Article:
April 1, 2011
USDA’s estimate of U.S. cotton acreage came in lower than many in the trade had expected, which one analyst says may be partly due to high input costs for the crop.
“The cotton acres were a surprise,” said Jack Scoville, with The Price Futures Group, speaking at a CME Group press briefing on USDA’s March 31 Prospective Plantings report.
“The trade was looking for something over 13 million acres in planting intentions, and we didn’t even get to 12.6 million acres. It’s probably reflective of the cost that it takes to produce cotton as well as the specialized equipment you need. You can’t just turn around and buy all that new equipment right off the bat, especially if you think it’s only a one or two year phenomenon.”
Scoville says U.S. rice acreage, with planting intentions at a little over 3 million acres “has to be disappointing to the bulls. The plantings are significantly below a year ago, but there were expectations that the acreage would be well below 3 million acres.”
“There also seems to be plenty of stocks, which was consistent with trade expectations.”
Soybean planted area for 2011 and quarterly stocks were both below trade estimates, noted Scoville. “Both numbers imply that prices should be able to move higher. Most of the increase in soybean planted area will be in the Mid-South, with the Midwest largely unchanged.
Little selling pressure
“Right now, we haven’t seen a whole lot of selling pressure for soybeans out of South America. Brazil is now one of the largest producers of meats in the world and is rapidly overtaking the United States. More and more of their soybeans in the form of soybean meal and whatever they increase in corn have a chance of staying home, and being exported later on the hoof.”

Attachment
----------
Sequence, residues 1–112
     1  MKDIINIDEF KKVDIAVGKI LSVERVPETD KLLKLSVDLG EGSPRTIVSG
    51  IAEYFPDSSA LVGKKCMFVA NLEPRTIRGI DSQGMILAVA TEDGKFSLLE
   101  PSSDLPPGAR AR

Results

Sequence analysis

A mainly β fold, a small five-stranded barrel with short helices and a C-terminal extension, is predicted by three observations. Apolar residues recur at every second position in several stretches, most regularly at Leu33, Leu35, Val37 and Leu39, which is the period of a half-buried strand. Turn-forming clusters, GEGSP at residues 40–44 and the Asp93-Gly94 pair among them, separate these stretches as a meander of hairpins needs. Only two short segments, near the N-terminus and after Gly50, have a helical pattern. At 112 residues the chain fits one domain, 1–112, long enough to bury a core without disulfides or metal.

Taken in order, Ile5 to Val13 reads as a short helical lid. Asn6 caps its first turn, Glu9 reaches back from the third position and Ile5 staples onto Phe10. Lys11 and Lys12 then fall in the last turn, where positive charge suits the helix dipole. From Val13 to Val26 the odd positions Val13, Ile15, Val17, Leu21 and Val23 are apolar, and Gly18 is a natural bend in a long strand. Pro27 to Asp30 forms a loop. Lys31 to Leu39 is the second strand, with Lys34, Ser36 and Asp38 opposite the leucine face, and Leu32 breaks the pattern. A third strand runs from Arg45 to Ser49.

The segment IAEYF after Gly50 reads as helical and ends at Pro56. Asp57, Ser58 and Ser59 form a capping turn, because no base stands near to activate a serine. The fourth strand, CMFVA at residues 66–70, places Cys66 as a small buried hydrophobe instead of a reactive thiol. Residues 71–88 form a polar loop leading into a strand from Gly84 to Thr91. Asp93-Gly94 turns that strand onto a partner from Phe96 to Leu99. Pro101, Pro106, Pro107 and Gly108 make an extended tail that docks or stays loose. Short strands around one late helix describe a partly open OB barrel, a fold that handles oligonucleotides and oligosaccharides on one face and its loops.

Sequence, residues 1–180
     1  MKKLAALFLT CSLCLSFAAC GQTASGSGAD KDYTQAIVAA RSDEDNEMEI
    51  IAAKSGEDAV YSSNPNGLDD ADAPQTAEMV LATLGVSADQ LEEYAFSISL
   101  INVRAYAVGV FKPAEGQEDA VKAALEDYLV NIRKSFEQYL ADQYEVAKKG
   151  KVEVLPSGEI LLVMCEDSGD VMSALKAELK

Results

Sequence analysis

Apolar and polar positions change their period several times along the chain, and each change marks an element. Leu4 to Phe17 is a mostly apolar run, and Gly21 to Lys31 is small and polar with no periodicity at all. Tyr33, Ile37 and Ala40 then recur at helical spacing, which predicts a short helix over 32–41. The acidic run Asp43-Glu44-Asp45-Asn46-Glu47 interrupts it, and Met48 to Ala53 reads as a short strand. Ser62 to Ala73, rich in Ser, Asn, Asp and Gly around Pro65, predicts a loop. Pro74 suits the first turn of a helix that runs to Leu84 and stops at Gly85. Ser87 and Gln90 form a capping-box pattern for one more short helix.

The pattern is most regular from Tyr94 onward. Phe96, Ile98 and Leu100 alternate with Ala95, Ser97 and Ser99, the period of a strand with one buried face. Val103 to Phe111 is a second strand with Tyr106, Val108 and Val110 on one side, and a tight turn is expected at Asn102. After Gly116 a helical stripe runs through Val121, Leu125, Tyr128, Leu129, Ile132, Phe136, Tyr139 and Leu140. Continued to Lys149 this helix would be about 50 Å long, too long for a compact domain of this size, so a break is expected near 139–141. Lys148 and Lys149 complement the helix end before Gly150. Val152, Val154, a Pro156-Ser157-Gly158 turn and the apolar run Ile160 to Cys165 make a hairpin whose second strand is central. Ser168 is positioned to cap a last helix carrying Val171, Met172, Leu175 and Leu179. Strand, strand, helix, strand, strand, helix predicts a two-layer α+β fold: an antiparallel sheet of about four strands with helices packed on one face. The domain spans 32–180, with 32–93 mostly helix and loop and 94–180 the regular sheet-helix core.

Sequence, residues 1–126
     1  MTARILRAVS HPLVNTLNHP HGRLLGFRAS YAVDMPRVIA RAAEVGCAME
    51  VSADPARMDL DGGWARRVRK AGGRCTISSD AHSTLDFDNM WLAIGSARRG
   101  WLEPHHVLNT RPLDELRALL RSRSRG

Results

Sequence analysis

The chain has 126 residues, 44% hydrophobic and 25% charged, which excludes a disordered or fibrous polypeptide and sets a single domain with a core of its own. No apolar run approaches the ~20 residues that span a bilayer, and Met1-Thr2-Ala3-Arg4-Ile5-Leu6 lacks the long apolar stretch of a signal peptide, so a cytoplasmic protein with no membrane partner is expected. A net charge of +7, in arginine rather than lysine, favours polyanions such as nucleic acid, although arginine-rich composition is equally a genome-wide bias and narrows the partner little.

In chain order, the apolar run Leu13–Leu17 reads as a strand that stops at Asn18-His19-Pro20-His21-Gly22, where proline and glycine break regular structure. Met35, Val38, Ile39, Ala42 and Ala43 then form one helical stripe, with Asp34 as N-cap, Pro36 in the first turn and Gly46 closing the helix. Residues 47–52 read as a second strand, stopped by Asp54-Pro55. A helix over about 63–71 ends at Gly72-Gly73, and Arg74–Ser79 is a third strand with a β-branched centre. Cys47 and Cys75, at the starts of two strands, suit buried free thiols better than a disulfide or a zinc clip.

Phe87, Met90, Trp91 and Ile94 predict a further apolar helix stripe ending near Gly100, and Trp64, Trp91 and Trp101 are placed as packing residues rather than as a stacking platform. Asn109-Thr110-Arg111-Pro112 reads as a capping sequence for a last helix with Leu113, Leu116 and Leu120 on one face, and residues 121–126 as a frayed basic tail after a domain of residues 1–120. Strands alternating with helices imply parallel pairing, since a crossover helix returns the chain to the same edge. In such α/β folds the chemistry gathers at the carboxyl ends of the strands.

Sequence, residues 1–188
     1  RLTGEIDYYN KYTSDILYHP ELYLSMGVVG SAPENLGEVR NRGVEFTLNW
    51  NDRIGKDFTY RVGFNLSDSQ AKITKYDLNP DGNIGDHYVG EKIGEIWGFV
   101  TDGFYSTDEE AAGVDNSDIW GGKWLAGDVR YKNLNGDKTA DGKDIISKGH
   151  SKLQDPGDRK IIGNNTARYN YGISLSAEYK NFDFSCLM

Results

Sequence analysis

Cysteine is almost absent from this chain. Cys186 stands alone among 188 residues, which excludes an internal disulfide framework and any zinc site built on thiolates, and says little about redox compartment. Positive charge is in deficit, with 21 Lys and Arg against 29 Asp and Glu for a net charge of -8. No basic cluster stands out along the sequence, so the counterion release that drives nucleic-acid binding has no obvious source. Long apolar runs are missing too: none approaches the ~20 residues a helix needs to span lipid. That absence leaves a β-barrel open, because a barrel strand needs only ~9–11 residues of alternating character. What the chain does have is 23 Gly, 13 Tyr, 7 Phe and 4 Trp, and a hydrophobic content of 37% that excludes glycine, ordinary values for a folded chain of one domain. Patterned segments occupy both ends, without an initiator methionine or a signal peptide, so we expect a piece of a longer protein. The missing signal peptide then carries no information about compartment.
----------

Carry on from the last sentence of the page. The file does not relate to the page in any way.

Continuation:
U.S. producers also intend to plant more corn acreage than what the trade was expecting, but very strong demand indicated in quarterly stocks report promised to put any bears to rest.
According to the report, U.S. producers intend to plant 92.2 million acres of corn in the United States this year, which if realized, would be second only to the 93.7 million acres planted in 2007.
Meanwhile USDA’s quarterly stocks estimate came in about 150 million bushels below the average trade guess “which really does suggest that we have not rationed any corn demand at this point,” said Jerry Gidel, NARMS Futures Trading.
Gidel says overall wheat acreage estimated at 58 million acres is 8 percent up from the previous year, but the true significance of that number “depends on what happens in the Southwest. We’ve had a significantly dry situation there and it is continuing. There are indications that if we don’t see a lot of rain in the next two weeks, we could start to see some significant losses. So that could take the edge off some of these numbers in the wheat.”
USDA estimated wheat stocks at about 25 million bushels above expectations, “which does suggest that our usage number was not as good this year.”
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